Author(s): Buhman KF, Accad M, Farese RV
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Abstract Cholesterol, the chief sterol found in vertebrates, exists both as a free sterol and as a component of cholesterol esters, which are synthesized by acyl-CoA:cholesterol acyltransferase (ACAT) enzymes. Considerable knowledge concerning cholesterol ester metabolism has accumulated during the past century. However, rapid advances have occurred in the past 7 years since the cloning of an ACAT gene, including the discovery that two ACATs function in mammalian biology. A clearer picture of the functions of ACAT enzymes in cellular cholesterol metabolism and physiologic processes is now emerging. These insights may have relevance for the development of ACAT inhibitors for treating hypercholesterolemia or atherosclerosis in humans.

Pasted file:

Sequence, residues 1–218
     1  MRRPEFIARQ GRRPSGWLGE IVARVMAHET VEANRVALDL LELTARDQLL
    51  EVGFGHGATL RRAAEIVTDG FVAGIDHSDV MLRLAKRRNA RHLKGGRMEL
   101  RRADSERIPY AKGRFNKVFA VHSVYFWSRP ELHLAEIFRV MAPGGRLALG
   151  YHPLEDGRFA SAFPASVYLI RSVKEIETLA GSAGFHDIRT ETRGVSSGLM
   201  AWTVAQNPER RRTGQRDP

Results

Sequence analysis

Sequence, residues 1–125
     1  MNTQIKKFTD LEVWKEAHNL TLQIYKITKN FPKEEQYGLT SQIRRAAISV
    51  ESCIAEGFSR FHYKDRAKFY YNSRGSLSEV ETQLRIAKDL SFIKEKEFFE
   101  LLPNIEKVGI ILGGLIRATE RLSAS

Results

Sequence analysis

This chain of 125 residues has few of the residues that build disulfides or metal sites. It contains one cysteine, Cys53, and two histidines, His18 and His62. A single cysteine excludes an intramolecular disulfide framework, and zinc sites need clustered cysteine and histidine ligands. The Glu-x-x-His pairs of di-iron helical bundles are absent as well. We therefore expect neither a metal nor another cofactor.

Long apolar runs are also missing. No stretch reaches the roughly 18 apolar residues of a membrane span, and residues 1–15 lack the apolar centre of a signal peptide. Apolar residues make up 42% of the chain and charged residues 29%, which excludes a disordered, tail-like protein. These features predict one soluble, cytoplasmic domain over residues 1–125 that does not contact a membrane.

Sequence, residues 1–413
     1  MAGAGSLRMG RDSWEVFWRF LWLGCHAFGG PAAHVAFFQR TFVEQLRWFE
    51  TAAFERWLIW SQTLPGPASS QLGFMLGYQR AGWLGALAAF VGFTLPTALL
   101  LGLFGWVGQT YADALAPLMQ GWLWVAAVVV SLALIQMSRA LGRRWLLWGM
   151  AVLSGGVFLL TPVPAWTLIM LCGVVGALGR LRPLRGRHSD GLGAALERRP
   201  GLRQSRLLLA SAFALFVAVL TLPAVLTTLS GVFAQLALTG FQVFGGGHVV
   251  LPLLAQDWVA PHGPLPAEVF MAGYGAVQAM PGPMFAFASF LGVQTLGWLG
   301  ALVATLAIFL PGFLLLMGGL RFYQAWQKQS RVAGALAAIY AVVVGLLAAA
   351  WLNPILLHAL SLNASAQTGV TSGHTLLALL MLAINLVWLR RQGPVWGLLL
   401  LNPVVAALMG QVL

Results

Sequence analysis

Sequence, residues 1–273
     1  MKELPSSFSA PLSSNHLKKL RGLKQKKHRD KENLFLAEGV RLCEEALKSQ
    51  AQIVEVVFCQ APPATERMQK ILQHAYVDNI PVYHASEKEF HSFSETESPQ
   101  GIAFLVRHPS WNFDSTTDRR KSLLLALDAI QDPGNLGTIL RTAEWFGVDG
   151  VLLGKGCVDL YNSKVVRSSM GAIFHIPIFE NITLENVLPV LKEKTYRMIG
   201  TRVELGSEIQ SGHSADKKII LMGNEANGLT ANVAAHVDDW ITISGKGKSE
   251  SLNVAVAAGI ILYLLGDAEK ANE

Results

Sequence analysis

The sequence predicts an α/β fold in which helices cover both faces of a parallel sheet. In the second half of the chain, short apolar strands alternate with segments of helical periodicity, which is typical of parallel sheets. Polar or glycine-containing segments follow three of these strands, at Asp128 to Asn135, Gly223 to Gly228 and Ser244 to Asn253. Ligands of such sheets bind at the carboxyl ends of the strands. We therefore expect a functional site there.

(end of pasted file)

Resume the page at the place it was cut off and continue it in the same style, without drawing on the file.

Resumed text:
This article was published in Biochim Biophys Acta
and referenced in Journal of Molecular and Genetic Medicine